5 more tips for a successful editorial calendar

If you’ve been in the marketing game a short while, you know the importance of an editorial calendar.  It’s likely the core of your content strategy.

Earlier this year, we gave you some quick tips to get your editorial calendar up and running. Now it’s time to take it to the next level with a few more ideas to keep your marketing strategy organized and effective:

  1. Use status updates. Keep your team informed as a piece of content moves along the production process. Use status updates like edited, out for review and published. Not only will everyone stay informed, it will also help you schedule and keep track of what content you’ve used, and what is still waiting in the queue.
  2. Assign content every step of the way. Team communication is crucial to a good content strategy. Your editorial calendar should be clear about who is writing each piece of content, who is in charge of editing and who needs to review. It may also be helpful to include who will be in charge of publishing or distributing the content when it is finished.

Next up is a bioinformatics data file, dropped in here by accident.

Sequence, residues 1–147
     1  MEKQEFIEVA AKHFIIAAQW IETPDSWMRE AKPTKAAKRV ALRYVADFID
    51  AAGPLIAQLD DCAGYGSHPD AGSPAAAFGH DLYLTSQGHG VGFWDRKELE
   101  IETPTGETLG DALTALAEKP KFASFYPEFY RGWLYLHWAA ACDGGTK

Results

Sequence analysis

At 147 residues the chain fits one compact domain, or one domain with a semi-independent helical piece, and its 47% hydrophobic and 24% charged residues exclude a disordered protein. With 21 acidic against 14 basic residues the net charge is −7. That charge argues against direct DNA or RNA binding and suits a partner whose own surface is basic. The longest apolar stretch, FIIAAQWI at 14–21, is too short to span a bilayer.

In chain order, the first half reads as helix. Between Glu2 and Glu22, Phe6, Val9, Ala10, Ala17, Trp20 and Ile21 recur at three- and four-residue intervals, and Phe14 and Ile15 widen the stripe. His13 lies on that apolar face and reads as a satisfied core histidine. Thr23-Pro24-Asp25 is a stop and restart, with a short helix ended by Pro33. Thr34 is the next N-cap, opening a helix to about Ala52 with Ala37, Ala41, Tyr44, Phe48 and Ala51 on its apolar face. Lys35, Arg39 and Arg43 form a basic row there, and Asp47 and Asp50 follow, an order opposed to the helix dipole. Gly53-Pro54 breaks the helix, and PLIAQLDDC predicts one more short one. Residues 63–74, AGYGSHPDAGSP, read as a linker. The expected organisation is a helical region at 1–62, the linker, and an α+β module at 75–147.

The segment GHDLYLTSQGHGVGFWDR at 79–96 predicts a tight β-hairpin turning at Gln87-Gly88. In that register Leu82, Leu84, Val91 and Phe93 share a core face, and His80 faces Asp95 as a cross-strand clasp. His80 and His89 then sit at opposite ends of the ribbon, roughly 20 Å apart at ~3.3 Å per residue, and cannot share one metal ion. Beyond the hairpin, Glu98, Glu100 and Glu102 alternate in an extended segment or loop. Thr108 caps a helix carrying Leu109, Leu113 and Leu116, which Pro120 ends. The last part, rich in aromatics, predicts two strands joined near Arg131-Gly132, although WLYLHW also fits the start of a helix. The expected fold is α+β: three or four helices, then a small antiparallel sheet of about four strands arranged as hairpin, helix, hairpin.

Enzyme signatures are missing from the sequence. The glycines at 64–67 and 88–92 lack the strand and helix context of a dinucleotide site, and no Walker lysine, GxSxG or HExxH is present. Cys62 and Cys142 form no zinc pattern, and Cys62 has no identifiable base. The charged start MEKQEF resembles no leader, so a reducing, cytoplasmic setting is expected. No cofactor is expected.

3. Develop categories. Determine the topics your channel will cover and use these to categorize your content. What are you hoping to teach your audience? What areas of expertise will you focus on? How does each topic align with your strategic goals? Each piece of content you add to your editorial calendar should fall into one of your pre-set categories. This will help you prioritize content, and prevent you from over-saturating one area or another.
  4. Consider multiple calendars. It’s important to have one master calendar that includes all of your content, but you may want to think about keeping separate calendars for each channel or project. This can help you stay on top of content-heavy channels like a blog or Twitter, and keep projects organized and on track. You can tie them all together in one database program or store them all in a similar app, like Google Drive.
  5. Keep future content in mind. Is there an annual event or conference you always cover? Do you know about a future announcement you will want to feature on your website? Put it in your editorial calendar. It’s OK if you don’t know all the details yet, or the exact date it will run. For example, you may want to write a press release for an important fundraising event, or have an infographic ready for American Heart Month. If it is on your team’s radar, it will be easier to prepare quality, timely content.

Do you have tips for a useful, organized editorial calendar? Share your ideas with us!

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